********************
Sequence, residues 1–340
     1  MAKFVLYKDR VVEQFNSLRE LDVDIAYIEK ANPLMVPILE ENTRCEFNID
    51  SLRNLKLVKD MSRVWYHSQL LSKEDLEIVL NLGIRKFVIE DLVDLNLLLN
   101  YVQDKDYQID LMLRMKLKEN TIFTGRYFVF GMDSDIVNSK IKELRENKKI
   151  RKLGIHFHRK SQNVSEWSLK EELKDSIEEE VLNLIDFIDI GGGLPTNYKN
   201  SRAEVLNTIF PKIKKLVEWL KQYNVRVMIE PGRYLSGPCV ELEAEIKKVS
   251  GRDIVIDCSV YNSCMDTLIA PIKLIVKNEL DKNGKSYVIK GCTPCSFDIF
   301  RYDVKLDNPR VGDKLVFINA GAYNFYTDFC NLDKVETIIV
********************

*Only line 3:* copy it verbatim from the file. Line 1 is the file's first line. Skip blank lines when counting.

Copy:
    51  SLRNLKLVKD MSRVWYHSQL LSKEDLEIVL NLGIRKFVIE DLVDLNLLLN